Walter Salles is a filmmaker’s filmmaker. What I mean by that has everything to do with the way he answers his questions. He’s a careful listener, expounding thoughtfully and respectfully about his craft and his latest work. He’s also a billionaire. Indeed, Salles comes from a Brazilian banking family that boasts a considerable amount of wealth, though you wouldn’t know it from his quiet, almost shy exterior. I met Salles in Minneapolis to discuss his adaptation of Jack Kerouac’s classic novel, On the Road. It wasn’t long before his reserved demeanor gave way to a fruitful discussion of his film.
On the Road is a provocative work, challenging boundaries and attempting to encapsulate a movement rarely talked abut these days. But where the beat movement faltered many of its progressive philosophies were adopted to time, enduring and shaping modern society. Salles has no shortage of wisdom to impart regarding both the film and his belief in the ideas it puts forth. It’s every bit a continuation of the themes the filmmaker explored in The Motorcycle Diaries, focused through the lens of a confident artist with a lot on his mind:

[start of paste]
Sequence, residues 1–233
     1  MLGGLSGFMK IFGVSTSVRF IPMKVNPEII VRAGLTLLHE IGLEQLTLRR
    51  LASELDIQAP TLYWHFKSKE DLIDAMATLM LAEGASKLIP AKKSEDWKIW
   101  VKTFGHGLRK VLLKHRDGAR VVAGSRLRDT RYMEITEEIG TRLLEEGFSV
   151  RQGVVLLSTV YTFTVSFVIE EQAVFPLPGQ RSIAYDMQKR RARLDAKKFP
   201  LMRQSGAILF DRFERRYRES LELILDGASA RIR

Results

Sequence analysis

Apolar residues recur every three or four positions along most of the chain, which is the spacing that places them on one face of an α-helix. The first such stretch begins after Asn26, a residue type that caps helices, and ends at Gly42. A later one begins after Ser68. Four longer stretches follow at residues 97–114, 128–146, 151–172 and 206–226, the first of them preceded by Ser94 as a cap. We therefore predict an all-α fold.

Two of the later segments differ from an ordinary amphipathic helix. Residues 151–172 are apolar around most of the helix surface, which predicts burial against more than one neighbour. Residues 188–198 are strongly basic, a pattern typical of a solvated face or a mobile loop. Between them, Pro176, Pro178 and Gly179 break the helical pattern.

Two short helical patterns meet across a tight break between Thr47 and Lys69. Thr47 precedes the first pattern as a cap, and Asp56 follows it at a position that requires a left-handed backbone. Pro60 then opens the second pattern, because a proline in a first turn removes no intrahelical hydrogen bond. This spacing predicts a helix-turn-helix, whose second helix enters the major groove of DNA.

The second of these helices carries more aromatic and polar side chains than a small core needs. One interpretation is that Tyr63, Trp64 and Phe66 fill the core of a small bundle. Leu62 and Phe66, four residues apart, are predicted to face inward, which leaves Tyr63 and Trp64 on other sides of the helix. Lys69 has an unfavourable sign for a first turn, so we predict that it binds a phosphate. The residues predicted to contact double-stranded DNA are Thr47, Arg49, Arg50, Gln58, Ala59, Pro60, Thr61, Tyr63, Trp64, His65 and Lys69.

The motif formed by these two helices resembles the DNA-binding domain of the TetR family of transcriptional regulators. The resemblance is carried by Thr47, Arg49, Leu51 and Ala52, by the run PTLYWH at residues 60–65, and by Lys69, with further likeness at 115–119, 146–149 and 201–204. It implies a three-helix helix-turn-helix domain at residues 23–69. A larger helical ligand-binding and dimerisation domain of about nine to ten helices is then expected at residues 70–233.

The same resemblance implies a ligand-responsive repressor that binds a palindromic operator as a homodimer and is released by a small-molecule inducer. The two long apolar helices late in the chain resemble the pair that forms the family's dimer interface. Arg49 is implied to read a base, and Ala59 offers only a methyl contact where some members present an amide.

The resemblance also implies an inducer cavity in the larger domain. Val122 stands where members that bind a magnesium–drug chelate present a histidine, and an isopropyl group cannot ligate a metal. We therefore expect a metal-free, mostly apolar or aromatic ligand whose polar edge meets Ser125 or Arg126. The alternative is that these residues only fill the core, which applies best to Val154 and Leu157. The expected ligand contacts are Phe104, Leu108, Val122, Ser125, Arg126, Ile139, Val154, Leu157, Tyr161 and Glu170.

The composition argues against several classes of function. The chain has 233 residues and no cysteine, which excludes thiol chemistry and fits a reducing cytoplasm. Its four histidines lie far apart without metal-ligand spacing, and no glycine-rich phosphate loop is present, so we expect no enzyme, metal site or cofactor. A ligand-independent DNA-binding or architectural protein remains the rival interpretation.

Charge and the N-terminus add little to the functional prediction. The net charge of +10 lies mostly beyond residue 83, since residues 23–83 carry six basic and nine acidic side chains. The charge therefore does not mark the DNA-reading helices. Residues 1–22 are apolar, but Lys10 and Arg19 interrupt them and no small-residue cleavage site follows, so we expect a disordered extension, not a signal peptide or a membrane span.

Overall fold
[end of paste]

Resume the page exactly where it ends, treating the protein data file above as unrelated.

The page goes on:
On the Road spent the better part of 2012 playing the festival circuit, though it’ll be enjoying a proper limited rollout beginning this Friday, March 22nd.